“For someone who spends way too much of his time talking, I had to adjust and do a listening posture, which was not easy,” Lindelof told me in an in-person interview shortly before the show’s debut.

Part of his approach, he said, was to build a writers’ room that had only three white men in it, which then forced him to understand just how much white men had been his “tribe” to that point. It required listening to the show’s cast (filled with black actors like Regina King and Yahya Abdul-Mateen II). And he learned from there that listening is only half the battle.

“You can’t turn to a black writer and say, ‘Are all black people going to be okay with this idea?’ You can’t turn to a woman and say, ‘Are all women going to be okay with this idea?’” he says. “In order for an idea to live in the writers’ room, we all had to say, ‘That’s a cool story idea.’ And then you can start to have the conversation of ‘Is this idea problematic?’ Then you have to unpack the idea of problematic and whether or not problematic is a bad thing all of the time.”

To be clear: There are going to be plenty of people who will read all of Lindelof’s assurances above and think this is still not his story to tell. I don’t agree — I think this is a terrific TV series — but I also don’t think they’re wrong, if that makes sense.

We’re in an era when figuring out who is allowed to tell which stories is a constantly shifting target. But one thing seems clear to me: Lindelof got to make Watchmen because he’s Damon Lindelof, of Lost and The Leftovers fame. That privilege reflects a Hollywood system that has over-rewarded straight, white, cis men over the years, but it also means that, occasionally, the creators with the most power can use that power to open the door for stories that might not be told otherwise.

Nicole Kassell, who had worked with Lindelof on The Leftovers, directed the show’s first two episodes and established its visual style. She, too, is white, and points to Watchmen as part of an ongoing conversation in the country right now — if you’re a powerful white person and want to help people of color in a system designed to dehumanize them, well, how do you do that without making it all about you? She says that question and others like it were asked frequently on set.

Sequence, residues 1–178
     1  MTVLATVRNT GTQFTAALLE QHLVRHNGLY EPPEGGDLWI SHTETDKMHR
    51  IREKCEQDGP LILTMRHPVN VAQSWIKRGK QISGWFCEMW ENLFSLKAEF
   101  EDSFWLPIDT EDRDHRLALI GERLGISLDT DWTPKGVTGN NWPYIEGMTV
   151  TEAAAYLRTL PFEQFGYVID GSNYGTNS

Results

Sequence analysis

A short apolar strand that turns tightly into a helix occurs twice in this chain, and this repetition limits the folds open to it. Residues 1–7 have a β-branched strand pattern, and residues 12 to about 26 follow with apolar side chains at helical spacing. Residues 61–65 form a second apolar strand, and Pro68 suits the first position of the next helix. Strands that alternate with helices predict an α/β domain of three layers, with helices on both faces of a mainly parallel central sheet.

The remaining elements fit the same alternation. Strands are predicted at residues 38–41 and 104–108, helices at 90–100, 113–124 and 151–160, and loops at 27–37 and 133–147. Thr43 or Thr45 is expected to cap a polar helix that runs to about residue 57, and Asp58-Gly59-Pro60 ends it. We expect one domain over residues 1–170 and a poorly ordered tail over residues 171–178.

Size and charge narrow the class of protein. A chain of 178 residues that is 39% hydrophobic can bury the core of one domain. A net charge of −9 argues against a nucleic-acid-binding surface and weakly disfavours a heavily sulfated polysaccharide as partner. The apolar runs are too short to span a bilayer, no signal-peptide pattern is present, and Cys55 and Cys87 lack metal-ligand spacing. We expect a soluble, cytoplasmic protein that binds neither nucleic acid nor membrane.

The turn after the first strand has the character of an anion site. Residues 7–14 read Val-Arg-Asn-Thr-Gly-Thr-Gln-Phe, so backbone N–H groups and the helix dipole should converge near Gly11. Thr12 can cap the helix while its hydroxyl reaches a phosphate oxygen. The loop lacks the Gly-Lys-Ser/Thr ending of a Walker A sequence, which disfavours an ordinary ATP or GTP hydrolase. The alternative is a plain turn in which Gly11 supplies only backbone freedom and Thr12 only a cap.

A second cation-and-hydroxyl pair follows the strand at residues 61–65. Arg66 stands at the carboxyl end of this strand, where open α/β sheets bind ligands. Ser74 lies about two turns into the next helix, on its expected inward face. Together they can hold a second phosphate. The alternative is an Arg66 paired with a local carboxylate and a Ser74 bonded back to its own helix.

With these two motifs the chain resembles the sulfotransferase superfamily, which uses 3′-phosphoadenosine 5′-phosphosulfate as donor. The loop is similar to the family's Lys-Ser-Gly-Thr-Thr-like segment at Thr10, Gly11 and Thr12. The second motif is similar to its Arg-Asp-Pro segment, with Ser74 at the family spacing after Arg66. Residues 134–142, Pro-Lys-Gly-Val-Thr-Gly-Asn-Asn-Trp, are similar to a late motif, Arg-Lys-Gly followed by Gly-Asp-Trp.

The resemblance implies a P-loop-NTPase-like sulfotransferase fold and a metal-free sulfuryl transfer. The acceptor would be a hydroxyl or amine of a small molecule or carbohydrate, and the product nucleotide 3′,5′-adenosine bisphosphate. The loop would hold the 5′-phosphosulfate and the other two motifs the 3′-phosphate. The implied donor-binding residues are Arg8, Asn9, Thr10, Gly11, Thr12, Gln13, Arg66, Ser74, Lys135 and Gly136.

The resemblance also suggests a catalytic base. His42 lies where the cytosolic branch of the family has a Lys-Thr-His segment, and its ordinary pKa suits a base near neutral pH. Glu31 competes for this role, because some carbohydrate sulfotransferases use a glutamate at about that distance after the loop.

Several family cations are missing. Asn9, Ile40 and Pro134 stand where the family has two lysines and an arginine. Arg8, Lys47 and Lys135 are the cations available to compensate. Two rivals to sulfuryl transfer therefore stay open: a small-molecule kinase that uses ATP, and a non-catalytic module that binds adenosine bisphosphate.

“‘What are we doing?’” the team asked, Kassell told me. “‘Are we safe doing this? Is it okay to do this? Are we the ones who can do this?’ I thought of the quote: ‘If you have a megaphone, you have to use it.’ And Damon’s at a moment in his career where he’s got a megaphone.”

“I openly acknowledge that one of the things that I love most about the original Watchmen was it was yucky, and it made me feel yucky. But I loved it,” Lindelof said. “It’s okay if people feel yucky watching Watchmen, but it’s not okay if they feel like we’re exploiting the systemic pain forced on people of color throughout time for our cool HBO show. So where’s that line? Hopefully we ended up on the right side of it, but we had to be willing to end up on the wrong side of it, knowing that in the pursuit of something authentic, we might be making something dangerous.”

How the cast made an impact on this new and updated Watchmen

Louis Gossett, Jr., and Nicole Kassell behind the scenes of Watchmen
Louis Gossett, Jr., and Nicole Kassell check the script on the set of Watchmen.
HBO